Donna Deitch’s swooning and sensual first film, Desert Hearts, was groundbreaking upon its 1986 release: a love story about two women, produced and directed by a woman. In the 1959-set film, an adaptation of a beloved novel by Jane Rule, straitlaced East Coast professor Vivian Bell (Helen Shaver) arrives in Reno to file for divorce, but winds up catching the eye of someone new, the younger free spirit Cay (Patricia Charbonneau), touching off a slow seduction that unfolds against the breathtaking desert landscape. With smoldering chemistry between its two leads, an evocative jukebox soundtrack, and vivid cinematography by Robert Elswit, Desert Hearts beautifully exudes a sense of tender yearning and emotional candor.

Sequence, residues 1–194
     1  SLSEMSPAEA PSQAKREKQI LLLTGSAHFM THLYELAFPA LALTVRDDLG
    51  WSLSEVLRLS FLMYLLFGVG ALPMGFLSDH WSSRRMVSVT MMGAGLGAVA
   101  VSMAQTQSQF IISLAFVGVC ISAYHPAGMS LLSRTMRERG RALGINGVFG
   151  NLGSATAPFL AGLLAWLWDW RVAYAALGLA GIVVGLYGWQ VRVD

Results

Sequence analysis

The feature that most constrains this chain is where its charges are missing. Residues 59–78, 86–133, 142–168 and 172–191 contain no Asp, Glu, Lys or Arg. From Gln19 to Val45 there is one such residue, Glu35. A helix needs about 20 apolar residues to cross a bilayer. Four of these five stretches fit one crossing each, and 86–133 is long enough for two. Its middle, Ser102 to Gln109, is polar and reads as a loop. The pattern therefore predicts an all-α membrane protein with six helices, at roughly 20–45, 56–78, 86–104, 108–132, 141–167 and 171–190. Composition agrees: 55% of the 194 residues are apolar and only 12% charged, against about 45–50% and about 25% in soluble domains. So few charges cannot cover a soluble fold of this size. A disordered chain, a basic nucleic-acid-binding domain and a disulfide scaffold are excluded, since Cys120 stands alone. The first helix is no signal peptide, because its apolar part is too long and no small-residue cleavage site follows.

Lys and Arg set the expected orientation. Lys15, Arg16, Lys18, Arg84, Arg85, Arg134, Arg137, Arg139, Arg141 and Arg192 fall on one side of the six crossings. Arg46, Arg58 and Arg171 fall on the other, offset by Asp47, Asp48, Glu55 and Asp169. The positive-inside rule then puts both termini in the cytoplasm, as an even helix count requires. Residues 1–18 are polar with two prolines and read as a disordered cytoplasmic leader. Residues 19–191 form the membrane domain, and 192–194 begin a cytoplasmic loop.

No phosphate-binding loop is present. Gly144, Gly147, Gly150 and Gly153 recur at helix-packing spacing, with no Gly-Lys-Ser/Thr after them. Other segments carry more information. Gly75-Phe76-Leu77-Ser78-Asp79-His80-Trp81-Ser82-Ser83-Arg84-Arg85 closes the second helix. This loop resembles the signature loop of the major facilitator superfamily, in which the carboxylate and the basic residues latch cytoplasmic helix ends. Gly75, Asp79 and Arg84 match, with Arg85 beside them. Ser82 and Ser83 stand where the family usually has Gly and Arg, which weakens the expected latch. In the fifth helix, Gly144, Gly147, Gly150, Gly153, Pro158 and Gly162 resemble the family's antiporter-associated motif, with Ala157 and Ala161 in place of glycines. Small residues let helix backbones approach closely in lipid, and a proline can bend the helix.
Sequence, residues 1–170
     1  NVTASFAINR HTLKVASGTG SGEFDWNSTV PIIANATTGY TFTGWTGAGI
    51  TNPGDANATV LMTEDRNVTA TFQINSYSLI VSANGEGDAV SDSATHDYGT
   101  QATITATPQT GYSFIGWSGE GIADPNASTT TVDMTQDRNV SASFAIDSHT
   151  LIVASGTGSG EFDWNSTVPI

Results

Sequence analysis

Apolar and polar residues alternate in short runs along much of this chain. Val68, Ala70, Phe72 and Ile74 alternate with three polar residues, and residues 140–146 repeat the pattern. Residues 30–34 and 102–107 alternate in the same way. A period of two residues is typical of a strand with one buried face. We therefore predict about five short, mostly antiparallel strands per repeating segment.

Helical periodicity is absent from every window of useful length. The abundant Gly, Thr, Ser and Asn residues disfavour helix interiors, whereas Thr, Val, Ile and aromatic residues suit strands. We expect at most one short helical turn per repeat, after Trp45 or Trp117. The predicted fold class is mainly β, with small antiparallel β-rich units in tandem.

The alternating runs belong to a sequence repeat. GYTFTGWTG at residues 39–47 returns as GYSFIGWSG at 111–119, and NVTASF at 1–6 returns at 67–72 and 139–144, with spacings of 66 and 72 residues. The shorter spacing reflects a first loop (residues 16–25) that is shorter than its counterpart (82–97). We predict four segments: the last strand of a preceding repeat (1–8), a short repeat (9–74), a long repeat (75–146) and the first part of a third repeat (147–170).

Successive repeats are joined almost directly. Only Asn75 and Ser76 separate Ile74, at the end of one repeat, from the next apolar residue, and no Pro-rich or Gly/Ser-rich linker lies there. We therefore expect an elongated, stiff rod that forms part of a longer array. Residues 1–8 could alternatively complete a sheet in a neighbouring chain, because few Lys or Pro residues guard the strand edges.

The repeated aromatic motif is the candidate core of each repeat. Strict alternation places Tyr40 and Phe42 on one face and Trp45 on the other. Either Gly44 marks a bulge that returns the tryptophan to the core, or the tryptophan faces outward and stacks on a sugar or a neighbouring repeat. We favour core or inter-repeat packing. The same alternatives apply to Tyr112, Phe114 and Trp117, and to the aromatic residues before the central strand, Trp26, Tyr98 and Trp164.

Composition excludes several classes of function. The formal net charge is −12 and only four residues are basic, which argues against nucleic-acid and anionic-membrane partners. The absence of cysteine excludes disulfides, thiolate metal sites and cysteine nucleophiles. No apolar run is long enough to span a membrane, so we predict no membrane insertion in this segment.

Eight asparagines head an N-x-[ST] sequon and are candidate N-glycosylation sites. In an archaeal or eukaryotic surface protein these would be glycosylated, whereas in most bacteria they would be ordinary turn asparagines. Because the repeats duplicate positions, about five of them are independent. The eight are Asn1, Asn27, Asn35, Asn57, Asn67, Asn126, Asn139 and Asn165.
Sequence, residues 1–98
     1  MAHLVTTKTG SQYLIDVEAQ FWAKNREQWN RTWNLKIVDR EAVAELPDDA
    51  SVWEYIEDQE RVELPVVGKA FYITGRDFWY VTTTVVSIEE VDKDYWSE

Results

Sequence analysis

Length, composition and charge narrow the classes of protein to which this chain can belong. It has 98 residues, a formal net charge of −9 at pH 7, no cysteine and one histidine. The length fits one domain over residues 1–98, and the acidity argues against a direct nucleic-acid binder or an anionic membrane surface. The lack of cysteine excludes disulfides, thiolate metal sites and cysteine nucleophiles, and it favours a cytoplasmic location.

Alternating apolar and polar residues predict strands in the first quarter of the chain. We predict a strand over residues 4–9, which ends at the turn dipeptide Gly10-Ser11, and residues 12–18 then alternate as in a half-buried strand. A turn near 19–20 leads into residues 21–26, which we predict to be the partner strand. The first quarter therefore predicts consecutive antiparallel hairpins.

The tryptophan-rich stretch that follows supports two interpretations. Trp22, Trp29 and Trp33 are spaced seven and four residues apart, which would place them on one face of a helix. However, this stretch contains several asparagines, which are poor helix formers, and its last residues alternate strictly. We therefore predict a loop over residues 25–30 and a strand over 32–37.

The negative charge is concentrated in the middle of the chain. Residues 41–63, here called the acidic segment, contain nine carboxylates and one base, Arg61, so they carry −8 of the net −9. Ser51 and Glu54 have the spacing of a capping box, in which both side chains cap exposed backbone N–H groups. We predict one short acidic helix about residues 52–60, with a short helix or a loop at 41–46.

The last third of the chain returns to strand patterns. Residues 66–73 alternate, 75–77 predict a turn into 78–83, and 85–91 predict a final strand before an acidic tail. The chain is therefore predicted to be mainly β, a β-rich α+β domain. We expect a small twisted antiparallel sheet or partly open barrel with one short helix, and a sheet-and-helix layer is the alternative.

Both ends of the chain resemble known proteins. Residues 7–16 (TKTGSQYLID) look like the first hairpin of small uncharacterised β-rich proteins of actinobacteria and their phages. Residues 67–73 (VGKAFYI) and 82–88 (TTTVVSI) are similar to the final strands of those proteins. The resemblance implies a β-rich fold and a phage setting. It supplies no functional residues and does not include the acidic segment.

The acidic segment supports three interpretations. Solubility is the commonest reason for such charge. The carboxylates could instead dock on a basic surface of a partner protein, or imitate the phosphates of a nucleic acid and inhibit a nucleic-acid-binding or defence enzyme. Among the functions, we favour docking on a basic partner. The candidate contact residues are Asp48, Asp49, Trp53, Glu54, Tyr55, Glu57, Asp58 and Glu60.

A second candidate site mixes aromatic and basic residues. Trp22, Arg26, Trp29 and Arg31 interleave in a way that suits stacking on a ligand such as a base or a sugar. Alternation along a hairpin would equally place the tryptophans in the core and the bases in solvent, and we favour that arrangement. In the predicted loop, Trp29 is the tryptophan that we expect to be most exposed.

Shot outside of Pittsburgh at a fraction of the cost of a Hollywood feature by a band of filmmakers determined to make their mark, George A. Romero’s Night of the Living Dead is one of the great stories of independent cinema: a midnight hit turned box-office smash that became one of the most influential films of all time.
George A. Romero
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